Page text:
You can read my previous BBC Musketeers reviews here:

Looks Good in Leather: BBC Musketeer Edition Part I (2014)
You Can Leave Your Hat On: BBC Musketeer Edition Part II (2014)
It’s Raining Musketeers: BBC Musketeer Edition Part III (2014)

This essay will completely spoil Season 1 & 2. Don’t say I didn’t warn you. Watch it first if that stuff matters to your brain.

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Russian Musketeers Own my Soul (1979)

kinopoisk.ruSo we remember the crushing disappointment that I felt when the Gene Kelly version of The Three Musketeers turned out to not be a musical?


Enter D’Artanyan i tri Mushketyora (1979), a glorious three part mini-series, featuring all the satin shirts, lace collars and Musketeer shenanigans you could desire, along with an adorably cheesy musical score. THEY SING THEY DANCE.

I had so much fun watching this, I can’t even tell you. Musketeers singing their feelings out is now my favourite everything.


D’Artanyan (Mikhail Boyarskiy) has no sooner arrived in Meung than he is treated to a song about how the Cardinal sees and spies on everything – when the Red Guard chases off the unpatriotic singers, D’Artanyan ends up fighting them.

Rochefort (Boris Klyuev), sadly sans the eyepatch though he does have a bright violet suit and a scar, insults D’Artanyan’s yellow horse, which leads to a splendid scuffle in a street full of sheep. Mikhail Boyarskiy reminds me very strongly of Gene Kelly’s take on the character, and the tone of the movie is very similar to that 1948 version.

As D’Artanyan lies bleeding in a haystack, we meet a sinister, Dolly Partonesque Milady (Margarita Terekhova) – seriously, she’s all blonde curls and black cowboy hat, if she doesn’t sing country-style I will be very disappointed.

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Bat’Magnan and the Mean Musketeers (2001)

themusketeerI wasn’t sure what to expect from The Musketeer (2001) but the title didn’t give me a lot of confidence – after all, while the number of Musketeers in the title is canonically questionable, it’s the plural that’s important. I mean, last time I reviewed a piece of Musketeer Media that was only about a single Musketeer, we got Athos being sad on the moon.

This time around, we have Tim Roth in a hat, and a script that thinks it’s okay to tell the Musketeer story without Milady and, for the most part, without giving Athos anything to do.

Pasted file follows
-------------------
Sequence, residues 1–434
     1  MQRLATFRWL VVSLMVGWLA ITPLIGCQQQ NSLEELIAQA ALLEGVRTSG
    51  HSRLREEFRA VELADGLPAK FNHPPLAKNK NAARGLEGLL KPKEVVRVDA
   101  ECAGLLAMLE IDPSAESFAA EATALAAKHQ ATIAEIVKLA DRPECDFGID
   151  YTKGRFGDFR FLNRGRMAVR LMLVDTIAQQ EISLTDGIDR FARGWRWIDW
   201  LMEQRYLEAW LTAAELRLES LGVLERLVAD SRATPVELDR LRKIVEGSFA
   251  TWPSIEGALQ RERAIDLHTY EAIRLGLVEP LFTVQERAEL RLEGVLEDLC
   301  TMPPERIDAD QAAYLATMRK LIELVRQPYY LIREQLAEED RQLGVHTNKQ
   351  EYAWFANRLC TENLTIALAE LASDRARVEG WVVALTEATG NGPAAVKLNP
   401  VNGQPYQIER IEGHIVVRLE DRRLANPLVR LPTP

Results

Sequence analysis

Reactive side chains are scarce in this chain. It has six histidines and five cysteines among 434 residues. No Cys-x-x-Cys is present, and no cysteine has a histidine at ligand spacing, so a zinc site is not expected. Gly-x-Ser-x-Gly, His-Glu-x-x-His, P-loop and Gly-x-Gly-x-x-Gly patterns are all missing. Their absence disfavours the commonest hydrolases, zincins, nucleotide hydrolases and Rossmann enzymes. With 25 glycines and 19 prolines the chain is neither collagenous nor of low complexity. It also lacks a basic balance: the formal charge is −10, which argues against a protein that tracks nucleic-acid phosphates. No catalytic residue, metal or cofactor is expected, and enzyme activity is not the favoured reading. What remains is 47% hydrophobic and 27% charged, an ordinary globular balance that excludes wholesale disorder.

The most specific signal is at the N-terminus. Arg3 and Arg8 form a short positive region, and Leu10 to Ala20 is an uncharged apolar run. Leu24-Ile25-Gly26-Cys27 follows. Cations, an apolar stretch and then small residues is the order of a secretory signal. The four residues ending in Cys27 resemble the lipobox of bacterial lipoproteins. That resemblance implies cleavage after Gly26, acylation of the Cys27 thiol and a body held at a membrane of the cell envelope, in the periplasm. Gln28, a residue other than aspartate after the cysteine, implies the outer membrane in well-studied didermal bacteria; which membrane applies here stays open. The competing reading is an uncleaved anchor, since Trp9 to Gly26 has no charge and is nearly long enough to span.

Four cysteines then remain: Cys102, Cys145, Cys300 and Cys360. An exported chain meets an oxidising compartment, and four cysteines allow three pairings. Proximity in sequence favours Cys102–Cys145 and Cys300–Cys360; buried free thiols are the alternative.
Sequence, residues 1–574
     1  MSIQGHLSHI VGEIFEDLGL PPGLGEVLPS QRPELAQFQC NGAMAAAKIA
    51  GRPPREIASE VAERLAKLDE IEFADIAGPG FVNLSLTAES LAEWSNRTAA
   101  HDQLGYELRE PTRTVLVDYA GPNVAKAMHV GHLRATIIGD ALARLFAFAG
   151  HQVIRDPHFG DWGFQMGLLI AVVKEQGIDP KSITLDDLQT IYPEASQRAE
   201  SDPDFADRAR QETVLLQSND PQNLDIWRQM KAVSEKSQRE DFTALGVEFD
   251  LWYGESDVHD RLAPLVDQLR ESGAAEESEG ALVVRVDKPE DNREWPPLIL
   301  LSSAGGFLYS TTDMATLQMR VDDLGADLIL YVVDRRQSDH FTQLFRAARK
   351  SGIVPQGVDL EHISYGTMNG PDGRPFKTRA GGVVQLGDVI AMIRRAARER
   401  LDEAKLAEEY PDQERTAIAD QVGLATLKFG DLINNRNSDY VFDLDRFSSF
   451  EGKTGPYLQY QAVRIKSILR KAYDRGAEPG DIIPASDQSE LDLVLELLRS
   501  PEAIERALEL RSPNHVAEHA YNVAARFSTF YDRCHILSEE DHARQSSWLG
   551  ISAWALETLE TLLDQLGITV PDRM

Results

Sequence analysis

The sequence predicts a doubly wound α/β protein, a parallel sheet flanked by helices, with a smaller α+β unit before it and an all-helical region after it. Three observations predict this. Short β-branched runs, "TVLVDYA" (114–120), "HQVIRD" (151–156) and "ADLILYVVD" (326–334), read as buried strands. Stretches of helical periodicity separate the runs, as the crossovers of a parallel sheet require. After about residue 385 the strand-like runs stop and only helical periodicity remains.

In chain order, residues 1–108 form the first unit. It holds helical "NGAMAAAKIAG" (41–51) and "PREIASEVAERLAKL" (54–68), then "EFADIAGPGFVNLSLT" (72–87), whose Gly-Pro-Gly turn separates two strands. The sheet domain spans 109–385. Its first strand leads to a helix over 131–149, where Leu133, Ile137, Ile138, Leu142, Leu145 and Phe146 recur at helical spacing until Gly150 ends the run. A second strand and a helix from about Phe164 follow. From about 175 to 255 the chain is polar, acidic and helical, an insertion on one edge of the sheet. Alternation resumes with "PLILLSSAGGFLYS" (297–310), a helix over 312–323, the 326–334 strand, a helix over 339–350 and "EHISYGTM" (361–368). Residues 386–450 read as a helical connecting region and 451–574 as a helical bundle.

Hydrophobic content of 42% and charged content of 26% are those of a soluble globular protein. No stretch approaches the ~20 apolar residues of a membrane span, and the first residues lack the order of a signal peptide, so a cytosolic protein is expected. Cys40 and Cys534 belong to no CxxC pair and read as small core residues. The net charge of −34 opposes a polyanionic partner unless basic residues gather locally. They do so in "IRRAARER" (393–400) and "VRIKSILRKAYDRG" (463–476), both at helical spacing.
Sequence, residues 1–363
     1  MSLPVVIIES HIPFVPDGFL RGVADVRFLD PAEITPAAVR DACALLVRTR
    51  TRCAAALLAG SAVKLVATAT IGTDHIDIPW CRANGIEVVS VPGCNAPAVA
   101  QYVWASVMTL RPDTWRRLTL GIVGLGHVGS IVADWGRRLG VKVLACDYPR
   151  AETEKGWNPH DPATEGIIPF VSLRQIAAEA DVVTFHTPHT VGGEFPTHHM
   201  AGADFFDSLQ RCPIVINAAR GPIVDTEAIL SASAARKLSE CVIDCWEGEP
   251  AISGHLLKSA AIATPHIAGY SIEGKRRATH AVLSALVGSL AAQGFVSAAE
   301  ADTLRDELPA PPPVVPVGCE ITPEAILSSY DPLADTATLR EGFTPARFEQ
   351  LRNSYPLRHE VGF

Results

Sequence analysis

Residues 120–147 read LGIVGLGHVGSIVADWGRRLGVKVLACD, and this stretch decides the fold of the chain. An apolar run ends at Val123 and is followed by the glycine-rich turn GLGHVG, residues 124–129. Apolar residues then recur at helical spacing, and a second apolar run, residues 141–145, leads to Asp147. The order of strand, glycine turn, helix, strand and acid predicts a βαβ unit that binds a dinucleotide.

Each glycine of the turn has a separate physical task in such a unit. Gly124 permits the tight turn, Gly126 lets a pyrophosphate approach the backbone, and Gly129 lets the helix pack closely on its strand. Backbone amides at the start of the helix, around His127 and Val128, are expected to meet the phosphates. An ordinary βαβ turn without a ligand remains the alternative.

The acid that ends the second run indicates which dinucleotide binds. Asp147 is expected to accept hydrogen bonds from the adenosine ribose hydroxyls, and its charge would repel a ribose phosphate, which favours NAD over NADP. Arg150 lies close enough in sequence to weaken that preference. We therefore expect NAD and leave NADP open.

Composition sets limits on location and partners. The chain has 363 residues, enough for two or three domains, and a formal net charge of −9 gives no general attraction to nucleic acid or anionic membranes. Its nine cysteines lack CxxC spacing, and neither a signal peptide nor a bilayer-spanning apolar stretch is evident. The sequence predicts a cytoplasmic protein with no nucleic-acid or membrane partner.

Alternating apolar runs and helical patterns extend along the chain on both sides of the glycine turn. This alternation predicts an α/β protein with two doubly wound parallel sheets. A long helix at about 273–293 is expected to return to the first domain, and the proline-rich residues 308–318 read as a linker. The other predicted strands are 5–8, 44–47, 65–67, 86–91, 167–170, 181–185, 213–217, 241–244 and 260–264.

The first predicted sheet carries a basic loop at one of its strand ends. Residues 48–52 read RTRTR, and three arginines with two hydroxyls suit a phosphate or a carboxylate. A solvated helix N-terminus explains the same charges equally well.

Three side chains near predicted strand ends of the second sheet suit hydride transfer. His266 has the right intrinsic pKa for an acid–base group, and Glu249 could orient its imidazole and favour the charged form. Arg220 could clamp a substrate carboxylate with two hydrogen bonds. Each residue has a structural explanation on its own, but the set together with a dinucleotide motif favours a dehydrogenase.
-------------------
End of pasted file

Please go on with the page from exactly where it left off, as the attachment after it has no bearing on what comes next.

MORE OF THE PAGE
It’s not okay.

We are introduced to the young Bruce Wayne D’Artagnan as a small boy, fencing with his father, until an arch Tim Roth in a glamorous all-black ensemble turns up to snark about taxes and kill both D’Artagnan’s parents for shits and giggles.

Just as I was wondering why you would cast Tim Roth as Rochefort and not give him an eyepatch, newly-orphaned Bruce Wayne D’Artagnan went at him with a sword and made an eyepatch supremely necessary.

The kid is left in the charge of Jarvis Alfred Planchet, a kindly servant who will do his best to raise him without anyone building a Batcave, creating a utility belt, or dressing up in silly costumes to fight crime.

Well, two out of three isn’t bad.

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Musketeer on Mars (2008 & 2012)

last musketeerSo the trouble with Musketeer sequels, as opposed to adaptations of the original Three Musketeers, is that they’re kind of depressing. Instead of being about our boys at the height of their adventures, they are usually about the end of the story – either focusing on the next generation, and/or a reunion plot making it clear that the best fictional BFFs of all time have been sorely neglecting each other for years or even decades.

(Friendship stories based on the premise that the friends have gone their separate ways for most of their lives are the WORST friendship stories)

Also, unlike adaptations of the first volume of stories, and regardless of the original fictional fates, our boys tend to be somewhat expendable in the Gallery of What Maybe Happened Next.

As of the New Year, I’m opening up my Musketeer Media Monday posts to sequels as well as straight adaptations, to change it up a bit and keep it all fresh. However, I think you need to congratulate me, because I’m pretty sure I just found the most depressing Musketeer sequel of all time on my first try.

Seriously, I don’t want to be proven wrong on this one. Even that Leonardo Di Caprio Wears a Mask movie can’t be this depressing, right?